Landowners Challenge Constitutionality Of “Pore Space” Law
A landowners group is challenging the legality of new North Dakota legislation which clarifies “pore space”, and has the backing of the ND Petroleum Council as well as several landowners and farm groups.
The complaint was filed by the Northwest Landowners Assn. in Bottineau County against ND state officials, the Dept. of Trust Lands and the ND Industrial Commission.
It contends that “Senate Bill 2344 strips landowners of their right to possess and use the pore space within their lands and allows the state of North Dakota to directly redistribute that right to others without the consent of or compensation to the landowners.”
However, the NDPC contended that SB 2344 was a vehicle to clarify existing law and reduce future lawsuits. It also insures that “mineral development can continue in the Bakken and make it possible to utilize carbon dioxide for enhanced oil recovery in our mature oil fields”, the NDPC said.
The NLA wants the law declared unconstitutional, and to prevent state officials from enacting administrative rules to implement it.
“In passing SB 2344, the Legislative Assembly has privileged mineral estate owners above surface estate owners and afforded them rights and privileges that it has prohibited to and barred from surface estate owners,” the lawsuit stated.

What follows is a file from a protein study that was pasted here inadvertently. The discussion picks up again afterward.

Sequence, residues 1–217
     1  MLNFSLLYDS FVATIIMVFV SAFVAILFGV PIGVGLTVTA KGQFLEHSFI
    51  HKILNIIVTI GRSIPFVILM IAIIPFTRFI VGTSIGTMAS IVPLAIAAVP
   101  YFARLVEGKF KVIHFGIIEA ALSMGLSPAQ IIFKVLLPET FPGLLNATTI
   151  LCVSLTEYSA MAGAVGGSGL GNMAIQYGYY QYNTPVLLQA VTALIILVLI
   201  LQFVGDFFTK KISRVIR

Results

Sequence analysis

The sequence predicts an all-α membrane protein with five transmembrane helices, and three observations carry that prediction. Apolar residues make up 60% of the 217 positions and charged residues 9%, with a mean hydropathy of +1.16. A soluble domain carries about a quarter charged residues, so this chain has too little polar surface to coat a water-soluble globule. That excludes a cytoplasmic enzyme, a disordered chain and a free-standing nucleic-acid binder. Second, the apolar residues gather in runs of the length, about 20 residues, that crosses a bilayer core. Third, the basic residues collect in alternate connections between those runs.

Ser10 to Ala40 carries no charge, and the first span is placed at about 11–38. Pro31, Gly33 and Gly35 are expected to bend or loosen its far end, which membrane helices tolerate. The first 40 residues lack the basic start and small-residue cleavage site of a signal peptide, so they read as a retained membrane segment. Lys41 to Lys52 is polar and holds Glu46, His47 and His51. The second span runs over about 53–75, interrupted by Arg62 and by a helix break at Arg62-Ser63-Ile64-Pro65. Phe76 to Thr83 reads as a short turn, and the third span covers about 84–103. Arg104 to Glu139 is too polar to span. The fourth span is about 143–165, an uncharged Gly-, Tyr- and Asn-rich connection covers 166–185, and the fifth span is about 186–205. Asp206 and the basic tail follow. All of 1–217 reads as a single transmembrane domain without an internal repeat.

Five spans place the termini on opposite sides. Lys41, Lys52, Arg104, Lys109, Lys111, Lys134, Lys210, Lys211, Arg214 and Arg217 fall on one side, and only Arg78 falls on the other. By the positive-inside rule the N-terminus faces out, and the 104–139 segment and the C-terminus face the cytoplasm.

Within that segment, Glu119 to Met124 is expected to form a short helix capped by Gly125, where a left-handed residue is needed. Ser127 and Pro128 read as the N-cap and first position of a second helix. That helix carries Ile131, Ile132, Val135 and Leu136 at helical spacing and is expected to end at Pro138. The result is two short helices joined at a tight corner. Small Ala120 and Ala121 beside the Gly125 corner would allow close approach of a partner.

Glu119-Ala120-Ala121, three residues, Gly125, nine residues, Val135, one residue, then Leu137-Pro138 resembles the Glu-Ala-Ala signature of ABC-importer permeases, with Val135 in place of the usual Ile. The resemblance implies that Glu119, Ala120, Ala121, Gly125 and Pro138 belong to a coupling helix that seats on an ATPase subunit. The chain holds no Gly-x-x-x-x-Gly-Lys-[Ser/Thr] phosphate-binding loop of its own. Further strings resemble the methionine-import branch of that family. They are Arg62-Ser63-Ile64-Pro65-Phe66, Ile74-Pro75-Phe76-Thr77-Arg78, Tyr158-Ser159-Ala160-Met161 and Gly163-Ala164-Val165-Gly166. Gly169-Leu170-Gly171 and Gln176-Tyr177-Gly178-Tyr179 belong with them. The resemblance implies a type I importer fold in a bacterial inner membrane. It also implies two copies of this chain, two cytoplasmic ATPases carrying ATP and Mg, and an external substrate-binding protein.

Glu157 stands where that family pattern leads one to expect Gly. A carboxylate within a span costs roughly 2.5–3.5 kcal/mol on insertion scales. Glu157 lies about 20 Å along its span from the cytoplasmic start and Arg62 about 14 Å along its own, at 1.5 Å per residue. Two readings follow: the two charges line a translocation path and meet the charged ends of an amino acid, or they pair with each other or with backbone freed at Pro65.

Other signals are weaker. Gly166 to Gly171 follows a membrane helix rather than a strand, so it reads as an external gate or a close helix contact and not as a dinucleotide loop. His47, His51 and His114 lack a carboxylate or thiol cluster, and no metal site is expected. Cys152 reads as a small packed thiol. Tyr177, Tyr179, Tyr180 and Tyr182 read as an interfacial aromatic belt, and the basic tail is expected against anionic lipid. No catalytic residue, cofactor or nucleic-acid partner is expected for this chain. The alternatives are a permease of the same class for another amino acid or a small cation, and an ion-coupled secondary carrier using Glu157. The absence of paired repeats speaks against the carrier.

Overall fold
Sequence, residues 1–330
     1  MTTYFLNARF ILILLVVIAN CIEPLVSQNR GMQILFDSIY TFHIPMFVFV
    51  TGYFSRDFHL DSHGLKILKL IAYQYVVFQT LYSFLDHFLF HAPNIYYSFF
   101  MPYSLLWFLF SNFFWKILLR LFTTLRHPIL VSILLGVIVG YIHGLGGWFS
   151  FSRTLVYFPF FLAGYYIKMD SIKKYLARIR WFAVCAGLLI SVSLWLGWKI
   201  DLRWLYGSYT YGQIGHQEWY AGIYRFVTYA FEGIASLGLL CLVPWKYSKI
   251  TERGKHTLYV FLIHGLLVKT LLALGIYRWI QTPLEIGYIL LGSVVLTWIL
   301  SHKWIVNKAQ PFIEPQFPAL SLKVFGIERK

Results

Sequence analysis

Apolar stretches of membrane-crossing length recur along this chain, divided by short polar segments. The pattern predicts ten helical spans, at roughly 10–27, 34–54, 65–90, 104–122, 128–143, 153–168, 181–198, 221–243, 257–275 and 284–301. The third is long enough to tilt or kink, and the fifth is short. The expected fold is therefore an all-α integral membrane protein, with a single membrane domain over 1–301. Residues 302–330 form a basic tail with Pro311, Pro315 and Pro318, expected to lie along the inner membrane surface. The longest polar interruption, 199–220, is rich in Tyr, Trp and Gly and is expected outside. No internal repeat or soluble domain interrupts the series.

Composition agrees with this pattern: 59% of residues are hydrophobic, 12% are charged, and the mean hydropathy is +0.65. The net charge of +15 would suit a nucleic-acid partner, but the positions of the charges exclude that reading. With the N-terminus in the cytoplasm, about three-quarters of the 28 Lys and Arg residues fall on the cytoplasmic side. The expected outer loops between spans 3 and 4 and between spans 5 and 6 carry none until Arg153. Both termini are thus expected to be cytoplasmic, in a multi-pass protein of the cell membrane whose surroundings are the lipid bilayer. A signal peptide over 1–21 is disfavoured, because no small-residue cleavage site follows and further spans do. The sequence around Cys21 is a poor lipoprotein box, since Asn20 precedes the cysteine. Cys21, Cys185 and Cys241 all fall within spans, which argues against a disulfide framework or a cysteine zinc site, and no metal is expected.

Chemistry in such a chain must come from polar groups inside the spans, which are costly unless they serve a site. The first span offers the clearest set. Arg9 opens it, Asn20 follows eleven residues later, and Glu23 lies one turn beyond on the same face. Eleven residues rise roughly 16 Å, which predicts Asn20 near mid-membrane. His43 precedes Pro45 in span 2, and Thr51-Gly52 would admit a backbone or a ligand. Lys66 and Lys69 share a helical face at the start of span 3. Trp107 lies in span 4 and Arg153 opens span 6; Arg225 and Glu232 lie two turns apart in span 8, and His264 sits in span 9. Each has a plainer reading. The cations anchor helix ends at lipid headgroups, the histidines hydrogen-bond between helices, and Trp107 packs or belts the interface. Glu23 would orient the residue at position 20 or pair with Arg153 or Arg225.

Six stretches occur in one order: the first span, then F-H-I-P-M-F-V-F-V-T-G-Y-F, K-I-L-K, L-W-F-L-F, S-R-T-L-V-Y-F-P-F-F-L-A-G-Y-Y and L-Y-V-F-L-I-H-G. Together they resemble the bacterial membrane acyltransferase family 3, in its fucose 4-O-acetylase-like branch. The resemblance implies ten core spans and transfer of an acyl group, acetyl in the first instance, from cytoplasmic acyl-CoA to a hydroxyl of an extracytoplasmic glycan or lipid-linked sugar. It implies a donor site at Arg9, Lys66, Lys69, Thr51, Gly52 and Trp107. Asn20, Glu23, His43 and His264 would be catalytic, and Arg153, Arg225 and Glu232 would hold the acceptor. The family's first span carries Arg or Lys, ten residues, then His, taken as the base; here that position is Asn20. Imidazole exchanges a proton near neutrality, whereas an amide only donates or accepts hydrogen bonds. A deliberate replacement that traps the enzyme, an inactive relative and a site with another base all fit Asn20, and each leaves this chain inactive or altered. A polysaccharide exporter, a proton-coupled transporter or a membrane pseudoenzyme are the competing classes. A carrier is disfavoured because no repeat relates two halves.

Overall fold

The law still allows landowners to file suit, but clarifies ownership.
“As it relates to production water, CO2 enhanced oil recovery, and natural gas storage injections, the bill simply limits recovery in common law tort claims like trespass and nuisance to instances where actual damage occurs,” the NDPC said during the legislative session.
The legislation stemmed from a lawsuit brought by Medora rancher Randal Moser against Denbury Resources. He contended that he should be paid by Denbury for 3.9 million barrels of salt water injected into the “pore space” of a well on his property.
The ND State Supreme Court ruled Denbury did not have to pay Moser to inject the waste water beneath his property. The water was injected to a depth of about 5,496 feet.